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If you’re an outdoor enthusiast or just well versed in the fine arts of prepping, I bet you already know about alcohol stoves, either DIY or commercially available ones. The thing is, if you’re looking for the lightest, cheapest and most reliable stove possible, the alcohol stove is the one for you.

There are plenty of companies out there who manufacture and sell alcohol stoves, but the good news is that you can build your own for next to nothing while using basic tools and skills.

There are a few myths and lies out there about DIY alcohol stoves. For example, some say that they don’t really work and they’re not reliable. Yes, they actually do work in real life, just ask old school hikers or your local bum.

Alcohol Stove – Myths Debunked

An alcohol stove is not suited for just any situation, as it has obvious limitations.  For example, a small DIY alcohol stove is not the ideal tool for melting large amounts of snow or for cooking food for a family of ten.

A homemade, lightweight and compact alcohol stove makes for the perfect companion while camping, hiking or backpacking solo. Thousands of outdoor enthusiasts have been using them regularly for decades now with zero complaints, so yes, alcohol stoves do work admirably in their niche.

Another myth about alcohol stoves is that they’re not reliable. Very fake news folks. A well-built alcohol stove will last you forever, as it has no moving parts, i.e. it’s that kind of “Russian design”, simple and sturdy. Also there are no filters to get clogged and so on and so forth.

The most common type of DIY project is a soda-can alcohol stove; the point is, even if it “breaks”, you can build another one on the spot with readily available materials (back to that in a jiffy), so the reliability issue is pure nonsense.

Some say that alcohol stoves are dangerous. Again, very fake news, considering that playing with fire is always dangerous, hence in that regard all stoves are “dangerous” if you’re not paying attention.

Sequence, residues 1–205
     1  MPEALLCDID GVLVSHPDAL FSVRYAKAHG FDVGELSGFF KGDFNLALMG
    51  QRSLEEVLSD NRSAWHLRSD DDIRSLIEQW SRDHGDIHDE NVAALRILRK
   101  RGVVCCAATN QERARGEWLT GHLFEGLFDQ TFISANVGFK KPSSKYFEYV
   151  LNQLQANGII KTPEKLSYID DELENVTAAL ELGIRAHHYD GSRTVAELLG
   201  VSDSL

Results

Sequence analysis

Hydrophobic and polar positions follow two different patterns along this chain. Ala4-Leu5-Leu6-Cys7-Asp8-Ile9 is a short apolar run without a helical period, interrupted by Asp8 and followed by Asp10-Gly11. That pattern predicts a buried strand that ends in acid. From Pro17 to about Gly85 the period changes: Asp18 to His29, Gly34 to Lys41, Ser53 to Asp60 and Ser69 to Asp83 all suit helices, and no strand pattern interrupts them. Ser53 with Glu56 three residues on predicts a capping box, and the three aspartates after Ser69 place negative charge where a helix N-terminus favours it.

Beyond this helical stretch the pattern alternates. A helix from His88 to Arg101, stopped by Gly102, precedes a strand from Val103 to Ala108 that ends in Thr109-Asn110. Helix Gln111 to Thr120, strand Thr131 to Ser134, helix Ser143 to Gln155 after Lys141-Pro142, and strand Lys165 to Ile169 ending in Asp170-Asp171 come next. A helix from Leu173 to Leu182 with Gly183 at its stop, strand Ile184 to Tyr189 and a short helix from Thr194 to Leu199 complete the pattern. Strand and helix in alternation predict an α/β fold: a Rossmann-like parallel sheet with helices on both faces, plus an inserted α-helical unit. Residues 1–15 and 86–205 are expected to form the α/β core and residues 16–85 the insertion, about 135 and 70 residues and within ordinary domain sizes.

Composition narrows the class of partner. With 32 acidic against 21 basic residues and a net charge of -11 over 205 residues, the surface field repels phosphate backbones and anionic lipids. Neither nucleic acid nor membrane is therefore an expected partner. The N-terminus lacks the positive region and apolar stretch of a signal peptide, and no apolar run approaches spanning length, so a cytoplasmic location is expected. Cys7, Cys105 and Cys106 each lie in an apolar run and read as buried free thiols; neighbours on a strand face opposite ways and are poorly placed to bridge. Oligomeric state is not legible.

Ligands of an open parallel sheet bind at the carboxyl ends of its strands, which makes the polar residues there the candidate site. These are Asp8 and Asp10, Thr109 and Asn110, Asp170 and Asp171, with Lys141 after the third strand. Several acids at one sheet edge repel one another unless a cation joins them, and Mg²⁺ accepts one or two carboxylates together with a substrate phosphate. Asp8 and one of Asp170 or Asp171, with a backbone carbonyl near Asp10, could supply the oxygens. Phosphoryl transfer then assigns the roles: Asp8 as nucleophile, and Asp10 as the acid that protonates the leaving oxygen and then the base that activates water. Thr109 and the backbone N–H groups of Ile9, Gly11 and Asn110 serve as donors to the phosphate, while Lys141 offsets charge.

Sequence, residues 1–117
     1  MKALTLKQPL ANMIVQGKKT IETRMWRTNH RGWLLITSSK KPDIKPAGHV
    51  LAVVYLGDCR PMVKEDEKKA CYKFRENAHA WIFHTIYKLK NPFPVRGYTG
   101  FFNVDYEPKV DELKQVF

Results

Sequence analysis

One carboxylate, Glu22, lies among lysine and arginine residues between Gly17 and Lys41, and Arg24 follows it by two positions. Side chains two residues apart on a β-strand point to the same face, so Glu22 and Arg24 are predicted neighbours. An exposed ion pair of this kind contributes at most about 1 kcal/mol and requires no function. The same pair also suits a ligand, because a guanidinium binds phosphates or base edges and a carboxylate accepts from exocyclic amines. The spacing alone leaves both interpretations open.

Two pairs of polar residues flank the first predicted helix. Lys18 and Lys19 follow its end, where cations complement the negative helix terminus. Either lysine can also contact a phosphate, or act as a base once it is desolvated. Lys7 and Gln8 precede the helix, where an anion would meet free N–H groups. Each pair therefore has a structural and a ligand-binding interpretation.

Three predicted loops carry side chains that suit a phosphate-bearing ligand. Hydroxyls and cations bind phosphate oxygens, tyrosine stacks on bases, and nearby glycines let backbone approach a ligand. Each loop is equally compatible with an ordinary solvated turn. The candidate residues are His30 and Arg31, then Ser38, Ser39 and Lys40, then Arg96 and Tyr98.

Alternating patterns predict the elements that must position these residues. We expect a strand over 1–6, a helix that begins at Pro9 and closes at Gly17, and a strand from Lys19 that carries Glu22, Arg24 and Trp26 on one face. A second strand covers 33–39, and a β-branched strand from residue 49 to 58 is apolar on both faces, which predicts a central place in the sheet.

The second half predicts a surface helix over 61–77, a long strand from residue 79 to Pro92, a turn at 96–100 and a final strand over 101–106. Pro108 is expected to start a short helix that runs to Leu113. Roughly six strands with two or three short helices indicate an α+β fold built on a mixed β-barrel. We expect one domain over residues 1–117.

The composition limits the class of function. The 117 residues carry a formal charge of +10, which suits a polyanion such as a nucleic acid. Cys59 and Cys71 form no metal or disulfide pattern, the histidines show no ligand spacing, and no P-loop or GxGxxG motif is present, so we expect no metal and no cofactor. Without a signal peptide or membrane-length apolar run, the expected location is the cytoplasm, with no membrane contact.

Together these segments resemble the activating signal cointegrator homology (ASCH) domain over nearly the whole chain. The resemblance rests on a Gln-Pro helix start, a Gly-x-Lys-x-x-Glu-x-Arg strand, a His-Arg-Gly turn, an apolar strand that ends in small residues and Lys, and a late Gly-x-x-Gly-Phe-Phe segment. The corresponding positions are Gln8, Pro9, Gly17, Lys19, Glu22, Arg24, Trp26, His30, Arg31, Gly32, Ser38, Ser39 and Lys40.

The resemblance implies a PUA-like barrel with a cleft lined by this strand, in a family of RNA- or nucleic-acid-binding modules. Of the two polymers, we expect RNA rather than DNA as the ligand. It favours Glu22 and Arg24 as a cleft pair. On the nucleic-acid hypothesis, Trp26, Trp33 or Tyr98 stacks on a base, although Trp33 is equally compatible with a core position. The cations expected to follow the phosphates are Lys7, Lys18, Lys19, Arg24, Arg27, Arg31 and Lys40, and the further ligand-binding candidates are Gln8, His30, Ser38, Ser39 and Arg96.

The problem with alcohol stoves is that if you knock them over while cooking, the fuel inside can easily spill.

Just remember a few simple rules while cooking with these bad boys and you’ll be fine: don’t cook on flammable surfaces, keep flammable materials away from your lit stove, always keep a bottle of water nearby when cooking (or a fire extinguisher, whatever), be careful when cooking during the day as the alcohol flame is almost invisible (don’t get burned), avoid cooking in windy weather as it makes controlling the flame difficult, don’t add fuel if your stove is already burning, never cook inside your tent, and avoid using your alcohol stove in enclosed areas which lack proper ventilation (think carbon monoxide poisoning).

Also, never leave the burning stove unattended and, after using it, let it to cool down for 10 minutes before handling  it.

Another thing about DIY alcohol stoves is that they have a bad rep for crushing easily. That’s somewhat true, considering that they’re often built using soda cans, which are basically thin sheets of aluminum.

Even the ones manufactured from (tougher) tin cans can get crushed if you step on them, but that’s a feature, not a bug! I am only kidding; however, the simple solution to the issue is not to step on them. Store them inside a hard sided box/container like your cook pot when you’re not using’em.

Finally, there’s another myth about alcohol stoves not working at high altitudes and/or in low temperatures. I can tell you from firsthand experience that a DIY alcohol stove works just fine at 6,000 feet above sea level, so for all practical purposes, assuming that you’re not climbing Everest using DIY alcohol stoves, you’ll be just fine.

The thing is, given the fact that the oxygen content in the atmosphere decreases with altitude,  an alcohol stove (or any other open-flame type of stove) will not be as efficient at 5000 feet as it is at sea level, but then again, that holds true for any type of fire.

Also, I’ve used soda can stoves in temperatures as low as 15 degrees Fahrenheit and without noticing a degrading in terms of performance. Just to give you a picture about how efficient these babies are, I’ve read that the Finnish and Swedish army uses alcohol stoves all year round, and it gets pretty cold out there in northern Europe (think -10 Fahrenheit winters).

ENERGY SAVING PLAN – Find out how you can save energy following two simple steps! 

How to DIY an Alcohol Stove

Now with the misconceptions taken care of, let’s concentrate on the DIY part.